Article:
I was a little surprised this morning to hear that United Airlines MileagePlus and Marriott Rewards were forming a partnership. Here are the particulars, then a few initial thoughts from me:
- United Gold, Platinum, 1K and Global Services members will now receive complimentary Gold status in the Marriott Rewards program.
- Marriott Gold status includes free internet access, 25% bonus points on stays, priority request for late check-outs as well as limited lounge access at some properties.
- Marriott Gold status does not include any real upgrades. Sometimes you might get a higher floor or similar, but don’t expect suites.
- Marriott Rewards Platinum and Platinum Premier Elite members will be granted complimentary United Silver status.
- United Silver status will earn you a 25% bonus on miles flown, a free checked bag, free Economy Plus seats at check-in as well as priority check-in and boarding and complimentary domestic upgrades (though most Silver elites don’t sniff any upgrades).
- All elite members on both sides will be able to convert Marriott Rewards points to MileagePlus miles at a 20% discount.
- All members will be able to transfer MileagePlus miles to Marriott Rewards points at a 1:1 ratio.
Now, what does this really mean?
First, I think the Marriott Rewards folks end up doing okay in this deal. Those Platinum and Platinum Elites now get free access to Economy Plus seating at check-in. No doubt that’s not always a great option, but since E+ seating can easily cost $50 a pop I can see this being one of the more lucrative benefits for the infrequent flier (or frequent Delta or American flier who now flies United occasionally). The 25% bonus on miles flown is meaningful and a free checked bag when traveling is worth $25.
Compare that to those United elites who now get Marriott Gold. Maybe it’s just me, but free internet and the possibility of a late check-out don’t seem terribly valuable to me, especially with so many limited service or extended stay properties offering free internet.
Second, I think you can count on very little in the way of seat or room upgrades for either program. United folks aren’t going to start getting lavish suites with their new Marriott Gold status. And, Marriott folks aren’t going to see a slew up domestic upgrades as a United Silver.
But, it certainly beats a sharp stick in the eye. Delta and Starwood Preferred Guest announced a similar program not too long ago. My initial thoughts there were, “Wow. Great hotel chain pairs up with meh airline.” I can’t say my thoughts are exactly reversed on the United/Marriott partnership, but I do think the pairing of United and Marriott scores higher for me than Delta and SPG if only because I still fly United a ton and could see the occasional time I would use the Marriott benefits.
But, the Marriott chain is not one I have a lot of fondness for. I find the benefits from Hyatt and to a slightly lesser degree Starwood to be much more beneficial.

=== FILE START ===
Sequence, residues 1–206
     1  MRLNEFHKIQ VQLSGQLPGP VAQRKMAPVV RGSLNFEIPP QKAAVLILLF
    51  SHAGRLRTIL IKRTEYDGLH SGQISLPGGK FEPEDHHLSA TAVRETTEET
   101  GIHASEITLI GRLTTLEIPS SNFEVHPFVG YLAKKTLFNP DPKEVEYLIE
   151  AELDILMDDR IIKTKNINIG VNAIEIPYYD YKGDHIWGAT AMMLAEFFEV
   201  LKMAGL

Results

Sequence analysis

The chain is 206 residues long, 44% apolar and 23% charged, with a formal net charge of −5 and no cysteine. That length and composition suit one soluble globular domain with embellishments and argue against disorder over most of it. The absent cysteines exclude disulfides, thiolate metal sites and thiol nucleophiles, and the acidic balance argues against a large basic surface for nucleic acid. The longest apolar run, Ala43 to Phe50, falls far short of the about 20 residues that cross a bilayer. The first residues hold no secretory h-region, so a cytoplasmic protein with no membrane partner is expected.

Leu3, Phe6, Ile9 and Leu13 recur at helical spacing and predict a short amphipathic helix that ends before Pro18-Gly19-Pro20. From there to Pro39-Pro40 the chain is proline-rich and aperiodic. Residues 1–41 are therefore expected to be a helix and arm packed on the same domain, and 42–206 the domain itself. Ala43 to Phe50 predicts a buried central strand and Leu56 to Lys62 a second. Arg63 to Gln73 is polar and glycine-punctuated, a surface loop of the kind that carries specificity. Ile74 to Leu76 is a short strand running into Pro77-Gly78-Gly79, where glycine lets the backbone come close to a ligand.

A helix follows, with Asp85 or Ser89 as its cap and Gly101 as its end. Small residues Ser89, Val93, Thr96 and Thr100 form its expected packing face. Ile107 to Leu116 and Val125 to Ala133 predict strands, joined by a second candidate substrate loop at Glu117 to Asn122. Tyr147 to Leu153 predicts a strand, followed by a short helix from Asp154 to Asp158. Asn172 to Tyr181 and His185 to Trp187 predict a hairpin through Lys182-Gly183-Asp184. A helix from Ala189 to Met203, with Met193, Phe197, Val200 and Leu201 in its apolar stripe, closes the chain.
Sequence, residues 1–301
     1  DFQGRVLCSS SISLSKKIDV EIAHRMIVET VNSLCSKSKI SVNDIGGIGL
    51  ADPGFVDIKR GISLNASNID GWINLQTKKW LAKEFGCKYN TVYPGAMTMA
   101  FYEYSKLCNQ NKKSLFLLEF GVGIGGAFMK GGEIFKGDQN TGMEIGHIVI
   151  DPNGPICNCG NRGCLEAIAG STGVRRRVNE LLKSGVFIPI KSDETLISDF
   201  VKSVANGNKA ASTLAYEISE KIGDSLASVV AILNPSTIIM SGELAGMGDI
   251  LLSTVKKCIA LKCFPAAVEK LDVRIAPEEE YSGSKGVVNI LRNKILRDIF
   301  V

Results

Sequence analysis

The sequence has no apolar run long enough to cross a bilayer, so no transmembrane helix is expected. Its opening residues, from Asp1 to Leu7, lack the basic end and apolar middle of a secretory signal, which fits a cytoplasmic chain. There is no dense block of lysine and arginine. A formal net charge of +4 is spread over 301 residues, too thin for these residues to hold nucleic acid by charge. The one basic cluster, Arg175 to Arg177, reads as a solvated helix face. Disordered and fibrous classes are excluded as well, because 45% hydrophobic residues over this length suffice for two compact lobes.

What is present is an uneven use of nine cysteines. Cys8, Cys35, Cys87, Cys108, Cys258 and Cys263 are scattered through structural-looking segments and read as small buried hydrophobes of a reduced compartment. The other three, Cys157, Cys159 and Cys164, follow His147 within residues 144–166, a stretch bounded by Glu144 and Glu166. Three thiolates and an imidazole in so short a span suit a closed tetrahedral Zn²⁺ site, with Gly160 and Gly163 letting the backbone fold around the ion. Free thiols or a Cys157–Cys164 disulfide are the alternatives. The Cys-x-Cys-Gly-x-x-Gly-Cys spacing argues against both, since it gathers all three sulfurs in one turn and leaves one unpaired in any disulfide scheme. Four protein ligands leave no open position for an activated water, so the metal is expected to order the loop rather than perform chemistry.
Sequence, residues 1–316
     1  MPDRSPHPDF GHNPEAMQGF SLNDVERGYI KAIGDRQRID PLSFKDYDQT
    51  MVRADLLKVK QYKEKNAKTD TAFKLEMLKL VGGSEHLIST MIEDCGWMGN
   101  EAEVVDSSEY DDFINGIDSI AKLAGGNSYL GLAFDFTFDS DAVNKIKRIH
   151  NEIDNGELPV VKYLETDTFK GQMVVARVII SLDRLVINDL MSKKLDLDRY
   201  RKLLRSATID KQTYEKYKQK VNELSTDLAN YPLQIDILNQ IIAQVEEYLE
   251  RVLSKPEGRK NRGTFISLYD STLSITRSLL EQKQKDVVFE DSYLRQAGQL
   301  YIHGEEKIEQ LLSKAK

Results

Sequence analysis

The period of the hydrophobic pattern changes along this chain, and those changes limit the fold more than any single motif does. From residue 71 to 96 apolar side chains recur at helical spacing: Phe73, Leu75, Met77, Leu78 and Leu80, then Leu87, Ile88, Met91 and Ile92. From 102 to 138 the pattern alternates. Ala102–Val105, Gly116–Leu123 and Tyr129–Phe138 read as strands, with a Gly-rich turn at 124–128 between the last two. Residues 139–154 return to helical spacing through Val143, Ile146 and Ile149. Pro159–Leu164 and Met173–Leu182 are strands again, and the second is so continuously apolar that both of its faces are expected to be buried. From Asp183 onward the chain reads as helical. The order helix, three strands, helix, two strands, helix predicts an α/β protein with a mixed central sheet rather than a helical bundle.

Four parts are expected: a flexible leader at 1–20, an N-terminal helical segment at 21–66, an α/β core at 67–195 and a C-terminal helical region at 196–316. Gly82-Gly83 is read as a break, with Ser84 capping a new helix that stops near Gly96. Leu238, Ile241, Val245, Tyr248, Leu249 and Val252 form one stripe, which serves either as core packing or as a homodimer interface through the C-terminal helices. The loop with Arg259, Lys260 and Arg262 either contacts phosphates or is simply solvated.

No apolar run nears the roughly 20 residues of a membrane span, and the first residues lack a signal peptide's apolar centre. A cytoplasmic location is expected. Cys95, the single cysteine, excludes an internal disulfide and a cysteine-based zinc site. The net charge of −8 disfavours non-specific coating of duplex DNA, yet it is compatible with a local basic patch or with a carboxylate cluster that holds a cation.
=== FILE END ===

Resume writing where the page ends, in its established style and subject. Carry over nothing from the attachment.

Overall, I think that this a good thing for both United and Marriott. Gary likes to talk about business at the margin being so profitable for the airlines. If someone is a Marriott elite but doesn’t already have at least Silver status with United then I believe United really does pick up business at the margin. That was either an occasional flyer or someone loyal to another airline. If United ends up giving them a free E+ seat on the day of flight or a free checked bag but they fill a seat with a paying passenger that would have otherwise gone empty, that’s a win.
Similarly, someone with no Marriott status probably isn’t choosing Marriott on a regular basis for 3 or 4 stays a year. They could be, but that United elite who now gets Gold status is probably bringing incremental revenue to Marriott.
I certainly don’t know the economics of the deal as it relates to what United and Marriott will pay each other in exchange for customers who actually use these benefits. But, I suspect it’s small peanuts in the grand scheme of things and we may or may not see these relationships grow to be more beneficial to the customers. I lean against them becoming more rewarding just because I do think the separate programs want to maintain the best benefits for their own elite members, not those who are only occasional customers. So, unlikely Marriott folks see United Premier Gold status in the future.
The silver lining for me in this deal is that United and Delta are already tied up with two hotel chains (Starwood and Marriott). That leaves my favorite airline (American Airlines) and my favorite hotel chain (Hyatt) still on the sidelines in a business where the legacy airlines are all copycats. Sure, it’s possible American ends up married to Hilton instead, but hope springs eternal…..